Vatican City, Jul 25, 2005 (CNA) - On Saturday, Pope Benedict XVI condemned Friday night’s terrorist attacks, which rocked the Egyptian Red Sea resort town of Sharm al-Sheikh, calling the acts “senseless.“
A letter was sent in the Pope’s name to Egypt’s civil and ecclesiastical authorities by Cardinal Secretary of State Angelo Sodano. The bomb blasts-the latest in a frightening summer of bombings, killed at least 59 and left 116 injured.
In the telegram, Cardinal Sodano wrote that, "His Holiness Pope Benedict XVI was deeply saddened to learn of the terrorist attacks at Sharm al-Sheikh in Egypt and he expresses heartfelt condolences to the families of the victims.”
“In condemning such senseless acts,” he continued, “His Holiness appeals to all to renounce the way of violence which causes so much suffering to civilian populations, and instead to embrace the way of peace. Praying for the eternal repose of the dead he invokes upon all the afflicted the Almighty's blessings of comfort and strength."
, Jul 25, 2005 (CNA) - Speaking before yesterday’s Angelus prayer to a group if some 8,000 pilgrims in Les Combes, in Italy’s Valle d’Aosta, where he is vacationing, the Holy Father recalled Europe’s deeply Christian roots and challenged the continent to return to them.
Pope Benedict noted today’s feast of the Apostle James, "whose relics are venerated in the famous shrine of Santiago de Compostela in Spain, the destination of countless pilgrims from all over Europe.” He also recalled Friday‘s feast day of St. Bridget of Sweden, patroness of Europe, and the July 11th feast of St. Benedict, who he called “another great patron of the ‘old continent.”
“Contemplating these saints,” he said, “it is natural to pause and reflect on the contribution that Christianity has made, and continues to make, to the building of Europe.”
Benedict then turned to the pilgrimage made by "Servant of God John Paul II in 1982 to Santiago de Compostela, where he performed a solemn 'European act' during which he pronounced these memorable words: 'I, bishop of Rome and pastor of the Universal Church, from Santiago, address to you, old Europe, a cry full of love: Return to yourself! Be yourself! Discover your origins. Revive your roots. Experience again those authentic values that made your history glorious and your presence in other continents beneficial."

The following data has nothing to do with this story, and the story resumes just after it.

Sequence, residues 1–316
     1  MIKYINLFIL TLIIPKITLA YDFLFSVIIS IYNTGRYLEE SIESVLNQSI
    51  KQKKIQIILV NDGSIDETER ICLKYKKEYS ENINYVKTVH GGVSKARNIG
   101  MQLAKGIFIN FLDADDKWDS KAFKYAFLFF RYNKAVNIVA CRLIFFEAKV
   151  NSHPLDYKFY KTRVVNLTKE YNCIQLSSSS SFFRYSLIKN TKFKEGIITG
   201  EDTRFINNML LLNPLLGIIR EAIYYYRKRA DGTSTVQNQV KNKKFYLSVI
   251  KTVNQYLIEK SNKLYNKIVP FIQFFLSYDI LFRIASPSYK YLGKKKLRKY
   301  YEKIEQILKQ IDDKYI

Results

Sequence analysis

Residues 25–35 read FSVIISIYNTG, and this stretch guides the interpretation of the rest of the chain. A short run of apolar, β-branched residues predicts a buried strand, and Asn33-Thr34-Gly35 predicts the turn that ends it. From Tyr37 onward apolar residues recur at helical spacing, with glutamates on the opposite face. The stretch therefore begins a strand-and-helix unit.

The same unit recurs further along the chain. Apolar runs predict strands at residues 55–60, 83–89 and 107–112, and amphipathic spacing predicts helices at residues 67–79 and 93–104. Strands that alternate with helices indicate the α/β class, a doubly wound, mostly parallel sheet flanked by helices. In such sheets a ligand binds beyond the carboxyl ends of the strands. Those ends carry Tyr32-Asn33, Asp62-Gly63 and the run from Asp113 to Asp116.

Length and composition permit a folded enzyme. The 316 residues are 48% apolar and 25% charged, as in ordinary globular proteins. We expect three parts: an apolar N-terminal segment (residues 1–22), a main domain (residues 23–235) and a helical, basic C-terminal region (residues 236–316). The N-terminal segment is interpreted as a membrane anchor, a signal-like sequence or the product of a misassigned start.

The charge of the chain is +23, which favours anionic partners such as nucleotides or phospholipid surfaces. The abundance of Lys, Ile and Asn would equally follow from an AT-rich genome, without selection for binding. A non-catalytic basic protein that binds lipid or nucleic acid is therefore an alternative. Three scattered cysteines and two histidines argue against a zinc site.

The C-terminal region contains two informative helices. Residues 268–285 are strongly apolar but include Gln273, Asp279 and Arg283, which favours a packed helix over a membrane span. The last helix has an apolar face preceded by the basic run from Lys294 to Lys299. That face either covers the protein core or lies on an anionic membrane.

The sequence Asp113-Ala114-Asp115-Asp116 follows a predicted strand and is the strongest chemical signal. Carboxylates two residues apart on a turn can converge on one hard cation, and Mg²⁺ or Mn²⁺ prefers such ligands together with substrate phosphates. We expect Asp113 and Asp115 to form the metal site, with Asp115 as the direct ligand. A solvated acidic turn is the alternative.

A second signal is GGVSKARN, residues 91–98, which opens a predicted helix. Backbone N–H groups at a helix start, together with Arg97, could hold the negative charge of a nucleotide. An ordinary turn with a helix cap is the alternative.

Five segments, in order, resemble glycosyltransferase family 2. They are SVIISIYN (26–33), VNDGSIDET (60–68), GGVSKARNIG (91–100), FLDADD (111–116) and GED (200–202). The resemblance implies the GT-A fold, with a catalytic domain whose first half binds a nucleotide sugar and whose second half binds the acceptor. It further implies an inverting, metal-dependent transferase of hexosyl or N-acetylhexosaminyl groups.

The Pope pointed out that during the 1982 visit, John Paul II launched "the project of a Europe aware of its own spiritual unity, based on the foundation of Christian values.”
“He returned to this theme on the occasion of World Youth Day 1989,” the Pope continued, “held at Santiago de Compostela, expressing his hope for a Europe without frontiers, a Europe that does not deny the Christian roots from which it grew and that does not renounce the true humanism of Christ's Gospel. How appropriate this call remains today in the light of recent events on the European continent."
The Holy Father then excitedly recalled the pilgrimage he will make next month "to a historic European cathedral, that of Cologne, where young people have an appointment for their 20th World Day.”
“We pray that the new generations,” he said, “drawing their vital lymph from Christ, many know how to be leavening in European society for a renewed humanism, one in which faith and reason cooperate in a fruitful dialogue for the promotion of man and the construction of true peace."
, Jul 25, 2005 (CNA) - Following Sunday’s noontime Angelus prayer held near his vacation chalet of Les Combes in Italy's Valle d'Aosta, Pope Benedict led nearly 8,000 pilgrims in praying that God would “block the murderous hand” of terrorists and convert their hearts.
In light of the recent attacks on London, and Saturday morning’s bombing of an Egyptian resort town, in addition to troubles in Iraq and Turkey, the Holy Father said that, "Even these days of serenity and repose have been disrupted by the tragic news of the execrable terrorist attacks which have brought death, destruction and suffering to various countries such as Egypt, Turkey, Iraq and Great Britain.”
He continued: “As we entrust to divine goodness the dead and injured and their loved ones, victims of gestures that offend both God and man, we call on the Almighty to block the murderous hand of those who, driven by fanaticism and hatred, committed these acts, and we ask that He convert their hearts to thoughts of reconciliation and peace."
Valle d'Aosta, Italy, Jul 25, 2005 (CNA) - Before entering the church of Introd today for a meeting with priests and deacons of the Valle d’Aosta region of Italy, where he is currently vacationing, the Holy Father surprised journalists gathered outside by briefly answering questions.
Asked if, after three months since his election, he found it difficult being Pope, Benedict responded, “Yes, in a certain sense it has been difficult, I had never thought of this ministry, but people are very good to me and support me."
Likewise, when asked if he felt close to his predecessor, John Paul II, the Pope replied that, "I always feel him very close, through his writings and through his spiritual presence."
Inside the church, Aosta’s Bishop Giuseppe Anfossi stressed the importance of the Pope's meeting with the 140 priests, religious and deacons, which, he said, reflects the "collegiality and communion on which the Church is founded."
Osvaldo Naudin, Introd’s mayor invited Pope Benedict to return to the Valle d’Aosta for his vacation next year and quipped that the Holy Father is learning the local dialogue well thanks to the “crash course” he has been following.
Vatican City, Jul 25, 2005 (CNA) - Following a meeting with priests and deacons of Italy’s Valle d’Aosta region, where he is currently vacationing, Pope Benedict told reporters that he does not think the recent rash of terrorist attacks can adequately be labeled as anti-Christian.
On his way out of the meeting, the Pope paused briefly to answer reporter’s questions and said it was incorrect to define the terrorist attacks which have marked the last weeks as anti-Christian: "I feel the intention is far more general, and not specifically against Christianity."